Similar tactics catch a variety of fish from the Gulf State Park Pier too. Spanish mackerel, pompano and speckled trout have been landed there lately, as long as the sharks are not too aggressive. As the season wears on, more sharks (Blacktip and Spinner sharks mostly) congregate around the pier looking for wounded discards. As shark density increases, they quickly tend to get more aggressive and even chase hooked fish. They even roam even into the shallow water near the beach looking for any possible prey items to satisfy their insatiable appetites. Think about that while you are swimming near the pier!
May often brings a lot of Scaled and False herring (called “LYs”) into the surfzone as well. They move into shallow water in vast schools called “shoals” to spawn and feed. Baitfish tend to congregate around the pier to feed on plankton which are attracted to the lights, and to seek shelter from intermediate sized predatory fish like mackerels, bluefish, “bull” redfish and especially jack crevalle. Marauding schools of jacks or redfish might attack the bait schools in spectacular fashion as a feeding frenzy can suddenly erupt near the pier. This feeding activity might be short lived or last a while depending on how many predators are involved and how they and their prey react to each other.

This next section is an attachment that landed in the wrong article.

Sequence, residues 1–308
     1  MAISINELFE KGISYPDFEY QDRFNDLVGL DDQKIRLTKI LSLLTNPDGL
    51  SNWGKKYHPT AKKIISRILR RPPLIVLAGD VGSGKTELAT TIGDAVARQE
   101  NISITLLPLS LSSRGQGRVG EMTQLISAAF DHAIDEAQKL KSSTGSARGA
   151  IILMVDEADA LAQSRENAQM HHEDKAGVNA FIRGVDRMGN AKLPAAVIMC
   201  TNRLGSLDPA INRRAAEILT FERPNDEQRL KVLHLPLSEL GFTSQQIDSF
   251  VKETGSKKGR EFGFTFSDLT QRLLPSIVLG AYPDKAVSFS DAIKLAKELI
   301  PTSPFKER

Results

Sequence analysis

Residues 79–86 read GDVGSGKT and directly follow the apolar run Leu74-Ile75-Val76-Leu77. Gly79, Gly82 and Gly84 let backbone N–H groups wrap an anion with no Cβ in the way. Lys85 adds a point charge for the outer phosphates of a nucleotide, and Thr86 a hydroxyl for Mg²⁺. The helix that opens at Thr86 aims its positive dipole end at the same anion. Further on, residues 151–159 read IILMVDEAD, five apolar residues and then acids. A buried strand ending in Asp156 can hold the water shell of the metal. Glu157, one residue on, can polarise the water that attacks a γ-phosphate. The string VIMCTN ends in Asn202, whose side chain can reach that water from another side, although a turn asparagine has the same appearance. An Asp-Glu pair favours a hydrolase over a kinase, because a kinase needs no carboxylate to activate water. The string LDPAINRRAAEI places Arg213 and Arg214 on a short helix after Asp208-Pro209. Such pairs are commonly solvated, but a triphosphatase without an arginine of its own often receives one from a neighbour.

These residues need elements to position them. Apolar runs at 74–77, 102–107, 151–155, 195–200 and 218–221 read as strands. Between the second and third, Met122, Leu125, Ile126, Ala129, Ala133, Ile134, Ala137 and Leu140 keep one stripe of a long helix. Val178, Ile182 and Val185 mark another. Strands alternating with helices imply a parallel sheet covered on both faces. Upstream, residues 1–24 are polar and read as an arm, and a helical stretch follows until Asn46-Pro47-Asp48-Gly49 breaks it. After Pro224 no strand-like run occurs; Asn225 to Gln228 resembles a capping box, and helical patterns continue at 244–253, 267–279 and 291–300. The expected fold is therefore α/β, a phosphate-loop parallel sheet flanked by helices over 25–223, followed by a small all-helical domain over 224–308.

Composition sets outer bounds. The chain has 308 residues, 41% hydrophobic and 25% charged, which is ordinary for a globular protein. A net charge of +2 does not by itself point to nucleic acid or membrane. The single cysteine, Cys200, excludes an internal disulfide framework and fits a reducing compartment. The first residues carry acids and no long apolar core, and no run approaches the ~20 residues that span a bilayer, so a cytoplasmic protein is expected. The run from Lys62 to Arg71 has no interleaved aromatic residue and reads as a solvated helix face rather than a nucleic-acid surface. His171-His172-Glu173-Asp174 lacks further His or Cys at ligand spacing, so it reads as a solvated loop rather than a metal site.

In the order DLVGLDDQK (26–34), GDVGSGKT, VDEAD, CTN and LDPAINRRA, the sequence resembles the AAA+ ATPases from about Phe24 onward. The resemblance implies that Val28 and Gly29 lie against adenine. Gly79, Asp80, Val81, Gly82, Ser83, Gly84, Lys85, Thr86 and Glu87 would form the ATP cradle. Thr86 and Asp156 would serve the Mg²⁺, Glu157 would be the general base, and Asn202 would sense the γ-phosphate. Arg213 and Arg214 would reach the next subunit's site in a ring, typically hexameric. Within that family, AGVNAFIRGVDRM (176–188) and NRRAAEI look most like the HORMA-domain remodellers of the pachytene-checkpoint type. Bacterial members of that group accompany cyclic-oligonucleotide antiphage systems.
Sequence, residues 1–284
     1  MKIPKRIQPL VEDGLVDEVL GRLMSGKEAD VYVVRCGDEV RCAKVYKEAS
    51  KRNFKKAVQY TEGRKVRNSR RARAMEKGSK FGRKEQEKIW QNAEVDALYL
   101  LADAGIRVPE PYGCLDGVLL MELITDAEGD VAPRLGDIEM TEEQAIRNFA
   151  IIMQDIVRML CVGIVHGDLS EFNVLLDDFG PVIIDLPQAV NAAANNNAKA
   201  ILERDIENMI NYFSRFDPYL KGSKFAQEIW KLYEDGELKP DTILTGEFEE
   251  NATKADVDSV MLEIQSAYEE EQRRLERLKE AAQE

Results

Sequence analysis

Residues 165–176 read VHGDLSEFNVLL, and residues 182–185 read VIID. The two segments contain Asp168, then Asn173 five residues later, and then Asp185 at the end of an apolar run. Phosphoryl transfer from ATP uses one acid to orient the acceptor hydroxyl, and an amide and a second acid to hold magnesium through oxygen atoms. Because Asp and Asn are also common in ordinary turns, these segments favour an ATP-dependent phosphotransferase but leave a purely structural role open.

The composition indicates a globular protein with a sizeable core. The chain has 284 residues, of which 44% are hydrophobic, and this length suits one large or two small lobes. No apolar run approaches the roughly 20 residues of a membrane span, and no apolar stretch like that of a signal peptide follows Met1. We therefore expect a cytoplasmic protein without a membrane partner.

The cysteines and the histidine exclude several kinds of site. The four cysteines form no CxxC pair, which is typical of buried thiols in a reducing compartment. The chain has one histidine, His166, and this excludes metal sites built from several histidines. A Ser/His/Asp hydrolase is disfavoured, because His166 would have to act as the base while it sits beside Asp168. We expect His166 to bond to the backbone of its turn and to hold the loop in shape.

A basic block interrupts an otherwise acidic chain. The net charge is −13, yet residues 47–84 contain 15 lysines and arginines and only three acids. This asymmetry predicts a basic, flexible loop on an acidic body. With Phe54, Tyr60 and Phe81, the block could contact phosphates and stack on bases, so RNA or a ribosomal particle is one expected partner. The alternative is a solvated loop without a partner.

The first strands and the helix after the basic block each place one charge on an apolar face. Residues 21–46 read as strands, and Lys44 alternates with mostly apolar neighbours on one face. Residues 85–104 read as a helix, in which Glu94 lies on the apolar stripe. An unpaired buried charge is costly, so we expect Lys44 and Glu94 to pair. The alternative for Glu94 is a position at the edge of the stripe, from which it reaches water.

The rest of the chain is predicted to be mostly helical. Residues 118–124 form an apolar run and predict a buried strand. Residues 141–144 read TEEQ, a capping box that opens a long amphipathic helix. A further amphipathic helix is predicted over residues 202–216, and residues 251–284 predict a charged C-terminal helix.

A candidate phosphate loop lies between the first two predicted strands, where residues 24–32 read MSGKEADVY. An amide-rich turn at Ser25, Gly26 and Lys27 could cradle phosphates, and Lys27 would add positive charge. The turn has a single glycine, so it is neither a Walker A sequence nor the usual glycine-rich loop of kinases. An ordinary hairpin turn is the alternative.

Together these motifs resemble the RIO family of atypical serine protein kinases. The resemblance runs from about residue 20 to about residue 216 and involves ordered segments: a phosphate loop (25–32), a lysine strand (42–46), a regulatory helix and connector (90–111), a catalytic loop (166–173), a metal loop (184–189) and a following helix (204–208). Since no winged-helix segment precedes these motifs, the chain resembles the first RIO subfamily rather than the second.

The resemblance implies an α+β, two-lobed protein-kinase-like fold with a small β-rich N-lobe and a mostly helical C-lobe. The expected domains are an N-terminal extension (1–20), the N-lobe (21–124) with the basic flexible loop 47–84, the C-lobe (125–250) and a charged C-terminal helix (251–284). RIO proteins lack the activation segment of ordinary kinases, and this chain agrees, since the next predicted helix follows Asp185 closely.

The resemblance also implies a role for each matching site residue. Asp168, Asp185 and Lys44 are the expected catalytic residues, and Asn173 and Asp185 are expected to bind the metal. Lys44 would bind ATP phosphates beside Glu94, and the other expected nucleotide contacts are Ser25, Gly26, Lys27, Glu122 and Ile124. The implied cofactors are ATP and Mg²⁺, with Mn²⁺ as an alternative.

Historically, the Gulf State Park Pier provided world class king mackerel fishing April through October from the “octi” at the pier’s deep end the first few years it opened. It attracted anglers from near and far who returned for annual vacations and sojourns primarily to enjoy that great fishery. Hopefully, that tradition will return once the pier has repaired. We are awaiting word from FEMA to approve or deny the latest $12.7 million proposal.
Early May is prime time for pompano fishing along the Baldwin County Gulf beaches before these tasty members of the jack family move offshore to spawn. Schools of pompano roam the surfzone in search of food like mole crabs (“sandfleas”), ghost shrimp, plus a variety of mollusks from Coquina clams to Periwinkle snails. They prefer these small invertebrates because they have a relatively small mouth with no sharp teeth to cut their prey. Instead pompano have hard “crushers” in the back of their mouth to grind up hard shelled prey items. Pieces of shrimp on a hook are intended to imitate such natural prey item. Enhancements like brightly colored beads or floats near the hook are intended to attract the attention of curious pompano, especially in dingy water. And artificial bait supplements like Fishbites or Fishgum are intended to add scent and attractive color to the angler’s bait. But the overall size of this bait “glob” should not exceed the size of the mouth of an average pompano. The ideal size bait would be about the diameter of a quarter, and no more than two inches long. That increases the likelihood a pompano, or “whiting” (popular species of kingfish) or other small panfish will ‘inhale’ your offering and get hooked. Tackle can be light when these fish are in close to the beach or the surf is relatively calm. But larger rods and reels are needed to throw larger weights farther from shore, or in conditions with rough surf and strong winds or currents.